If this were the first step worker’s had made toward resolving their conflict that would be one thing. But this protest came about only after Foxconn rejected workers attempts at bargaining and issued an ultimatum: resign and receive compensation or stay and continue on the same pay scale as before. In response  to these conditions, approximately 45 employees resigned, but none received any compensation.

This underlines the fact that Chinese employees have no safety net. They do not have the avenues of recourse we, as Americans, enjoy – though these rights in the U.S. are being whittled away daily (e.g. recall the recent Wisconsin Union Bill intended to strip public workers of their collective bargaining rights). In China, Geoffrey Crathall, Director at the China Labor Bulletin, was quoted to have said “employees feel they have no other option. If there were proper channels for the resolution of grievances, they wouldn’t have needed to resort to such actions” and, after weighing the facts, it is hard to disagree. Poor working conditions and pure desperation seem to have driven these workers to the roof.

The protest ended eight hours later after workers were talked down by Foxconn managers and local Chinese Communist Party officials. It remains dubious as to whether or not the dispute over wages has been adequately settled or not.

Thursday, January 5, 2012

What a Surprise: Apple Profit Margins Rise at the Expense of Foxconn and Pegatron Corporation

Bloomberg reports in an article today that Apple's margins have widened at the expense of its main supplier as Foxconn Technology Group cuts prices to retain orders for the iPhone and iPad.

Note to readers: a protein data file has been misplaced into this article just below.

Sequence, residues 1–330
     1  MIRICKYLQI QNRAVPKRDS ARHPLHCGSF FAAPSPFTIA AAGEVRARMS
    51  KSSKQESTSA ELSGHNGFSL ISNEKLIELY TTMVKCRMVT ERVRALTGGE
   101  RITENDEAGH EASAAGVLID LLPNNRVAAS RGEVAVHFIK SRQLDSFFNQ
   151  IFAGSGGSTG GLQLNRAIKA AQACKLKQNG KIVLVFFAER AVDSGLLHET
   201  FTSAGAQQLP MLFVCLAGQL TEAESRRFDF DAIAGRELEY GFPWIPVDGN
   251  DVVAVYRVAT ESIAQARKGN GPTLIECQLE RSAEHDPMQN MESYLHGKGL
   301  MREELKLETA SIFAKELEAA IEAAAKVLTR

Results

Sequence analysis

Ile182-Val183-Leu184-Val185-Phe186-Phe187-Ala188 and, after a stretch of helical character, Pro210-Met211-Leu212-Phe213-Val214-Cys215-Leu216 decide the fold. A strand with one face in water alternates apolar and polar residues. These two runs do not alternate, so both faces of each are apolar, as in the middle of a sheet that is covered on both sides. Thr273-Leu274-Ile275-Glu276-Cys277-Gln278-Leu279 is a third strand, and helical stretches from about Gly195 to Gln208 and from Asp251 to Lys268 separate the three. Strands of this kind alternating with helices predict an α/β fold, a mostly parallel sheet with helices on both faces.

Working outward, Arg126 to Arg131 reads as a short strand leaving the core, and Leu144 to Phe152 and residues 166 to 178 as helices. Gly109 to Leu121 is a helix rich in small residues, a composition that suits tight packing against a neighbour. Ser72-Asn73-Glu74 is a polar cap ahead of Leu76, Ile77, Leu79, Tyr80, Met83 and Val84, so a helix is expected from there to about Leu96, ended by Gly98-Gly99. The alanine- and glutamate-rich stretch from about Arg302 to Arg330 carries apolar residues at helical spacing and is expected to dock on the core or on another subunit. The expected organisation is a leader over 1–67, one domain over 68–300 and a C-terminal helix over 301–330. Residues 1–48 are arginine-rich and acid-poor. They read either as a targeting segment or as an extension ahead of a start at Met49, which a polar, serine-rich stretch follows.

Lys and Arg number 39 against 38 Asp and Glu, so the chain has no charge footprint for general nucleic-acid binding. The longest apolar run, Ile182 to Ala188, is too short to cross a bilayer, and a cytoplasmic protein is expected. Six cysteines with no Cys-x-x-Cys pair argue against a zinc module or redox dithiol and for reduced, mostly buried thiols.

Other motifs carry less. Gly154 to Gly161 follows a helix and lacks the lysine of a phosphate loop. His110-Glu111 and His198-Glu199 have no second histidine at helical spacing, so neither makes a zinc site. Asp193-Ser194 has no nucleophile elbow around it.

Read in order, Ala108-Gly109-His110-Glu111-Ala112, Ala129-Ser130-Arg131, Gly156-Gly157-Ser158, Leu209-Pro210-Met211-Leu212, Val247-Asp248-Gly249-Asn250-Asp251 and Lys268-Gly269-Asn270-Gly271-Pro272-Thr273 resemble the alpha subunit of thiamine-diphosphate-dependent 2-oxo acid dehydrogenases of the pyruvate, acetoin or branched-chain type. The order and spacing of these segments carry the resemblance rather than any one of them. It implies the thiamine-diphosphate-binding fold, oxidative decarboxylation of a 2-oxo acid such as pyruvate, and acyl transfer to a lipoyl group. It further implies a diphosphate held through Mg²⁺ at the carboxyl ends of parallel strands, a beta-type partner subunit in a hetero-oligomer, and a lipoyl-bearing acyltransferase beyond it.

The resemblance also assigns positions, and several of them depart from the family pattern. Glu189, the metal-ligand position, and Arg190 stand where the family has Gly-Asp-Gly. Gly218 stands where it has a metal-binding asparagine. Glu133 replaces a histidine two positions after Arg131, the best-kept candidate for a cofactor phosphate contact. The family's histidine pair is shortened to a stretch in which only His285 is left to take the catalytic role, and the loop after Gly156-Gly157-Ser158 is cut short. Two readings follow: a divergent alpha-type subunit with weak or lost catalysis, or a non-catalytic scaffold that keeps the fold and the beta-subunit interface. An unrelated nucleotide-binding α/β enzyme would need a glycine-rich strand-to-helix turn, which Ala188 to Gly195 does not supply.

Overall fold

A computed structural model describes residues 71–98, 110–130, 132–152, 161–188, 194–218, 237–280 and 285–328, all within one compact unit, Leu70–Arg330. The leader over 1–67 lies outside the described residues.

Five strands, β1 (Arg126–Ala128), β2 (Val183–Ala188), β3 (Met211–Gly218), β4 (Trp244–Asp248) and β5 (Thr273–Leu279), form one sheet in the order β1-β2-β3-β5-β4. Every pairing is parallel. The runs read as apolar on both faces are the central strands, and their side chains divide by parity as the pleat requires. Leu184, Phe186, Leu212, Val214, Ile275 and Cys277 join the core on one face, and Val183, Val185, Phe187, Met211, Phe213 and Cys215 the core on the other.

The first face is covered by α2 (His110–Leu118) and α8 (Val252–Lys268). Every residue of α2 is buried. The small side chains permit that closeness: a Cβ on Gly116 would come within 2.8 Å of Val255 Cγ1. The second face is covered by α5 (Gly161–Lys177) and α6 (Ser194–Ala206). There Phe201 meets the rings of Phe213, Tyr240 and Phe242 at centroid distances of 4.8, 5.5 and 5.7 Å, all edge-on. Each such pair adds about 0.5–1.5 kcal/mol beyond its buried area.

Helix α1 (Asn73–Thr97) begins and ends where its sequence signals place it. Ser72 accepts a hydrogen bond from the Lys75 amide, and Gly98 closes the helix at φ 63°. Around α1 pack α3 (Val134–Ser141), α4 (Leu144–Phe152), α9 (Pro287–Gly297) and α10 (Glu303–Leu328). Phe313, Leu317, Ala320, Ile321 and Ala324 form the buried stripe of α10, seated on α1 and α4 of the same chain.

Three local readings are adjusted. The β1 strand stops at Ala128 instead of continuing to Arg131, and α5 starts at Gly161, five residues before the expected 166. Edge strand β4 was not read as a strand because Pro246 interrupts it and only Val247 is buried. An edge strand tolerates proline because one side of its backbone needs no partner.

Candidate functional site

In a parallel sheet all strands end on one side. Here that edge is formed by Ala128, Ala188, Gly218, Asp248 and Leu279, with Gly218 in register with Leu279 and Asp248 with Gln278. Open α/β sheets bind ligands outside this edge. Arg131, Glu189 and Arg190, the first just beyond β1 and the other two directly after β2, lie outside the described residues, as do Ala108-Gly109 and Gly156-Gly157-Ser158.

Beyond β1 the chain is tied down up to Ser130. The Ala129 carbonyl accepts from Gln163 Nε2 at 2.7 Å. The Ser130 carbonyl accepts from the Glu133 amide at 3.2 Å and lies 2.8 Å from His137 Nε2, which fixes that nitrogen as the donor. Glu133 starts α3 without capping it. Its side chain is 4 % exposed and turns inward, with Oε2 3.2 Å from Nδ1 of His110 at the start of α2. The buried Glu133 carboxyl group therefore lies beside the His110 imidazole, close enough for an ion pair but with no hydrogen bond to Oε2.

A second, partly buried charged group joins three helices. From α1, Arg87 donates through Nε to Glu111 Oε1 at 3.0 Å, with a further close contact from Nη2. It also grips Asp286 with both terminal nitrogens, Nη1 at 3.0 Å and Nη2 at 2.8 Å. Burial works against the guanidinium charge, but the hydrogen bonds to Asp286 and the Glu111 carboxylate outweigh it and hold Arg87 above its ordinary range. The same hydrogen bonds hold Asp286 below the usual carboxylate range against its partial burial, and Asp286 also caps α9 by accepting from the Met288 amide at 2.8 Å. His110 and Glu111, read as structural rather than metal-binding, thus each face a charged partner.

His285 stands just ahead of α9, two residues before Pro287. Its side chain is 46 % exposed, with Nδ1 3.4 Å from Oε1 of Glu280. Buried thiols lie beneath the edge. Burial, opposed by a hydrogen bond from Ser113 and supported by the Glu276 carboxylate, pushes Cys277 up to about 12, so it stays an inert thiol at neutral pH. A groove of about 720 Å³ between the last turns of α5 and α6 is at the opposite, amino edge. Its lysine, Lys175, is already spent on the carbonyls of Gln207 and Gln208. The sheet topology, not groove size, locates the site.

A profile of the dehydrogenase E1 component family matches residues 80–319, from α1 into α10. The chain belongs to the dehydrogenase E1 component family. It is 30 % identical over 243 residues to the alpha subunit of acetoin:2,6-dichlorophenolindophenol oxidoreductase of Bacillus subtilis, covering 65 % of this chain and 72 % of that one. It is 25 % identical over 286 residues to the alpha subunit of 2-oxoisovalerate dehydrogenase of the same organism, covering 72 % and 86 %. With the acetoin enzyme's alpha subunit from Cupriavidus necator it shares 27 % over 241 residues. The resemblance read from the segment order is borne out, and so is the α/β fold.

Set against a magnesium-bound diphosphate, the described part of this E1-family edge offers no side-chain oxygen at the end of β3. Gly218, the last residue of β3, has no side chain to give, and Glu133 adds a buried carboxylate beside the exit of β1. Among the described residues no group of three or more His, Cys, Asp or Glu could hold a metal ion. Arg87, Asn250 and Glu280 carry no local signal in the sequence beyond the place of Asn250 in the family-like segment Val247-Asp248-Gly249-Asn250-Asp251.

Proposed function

The profit spread at Hon Hai Precision Industry, Foxconn's Taipei-listed flagship, has narrowed to 1.5 percent since the debut of the iPhone in June 2007 as Apple's operating margin more than doubled over the past five years, surpassing 30 percent.

Apparently, Foxconn as well as Pegatron are willing to sacrifice profit margins in exchange for volume and scale.  Both companies have seen profit margins decline despite increase sales due to rising salaries and lower sale prices to Apple Corp. on Ipads and Iphones.

This process puts both companies under increasing pressure to get more from workers for less. So if salaries go up it becomes critical to increase worker productivity.

Maybe this has something to do with repetitive motion disorders, stress disorders, suicides and explosions at plants not ready for production but which are pressed into service nonethless (see my previous blog).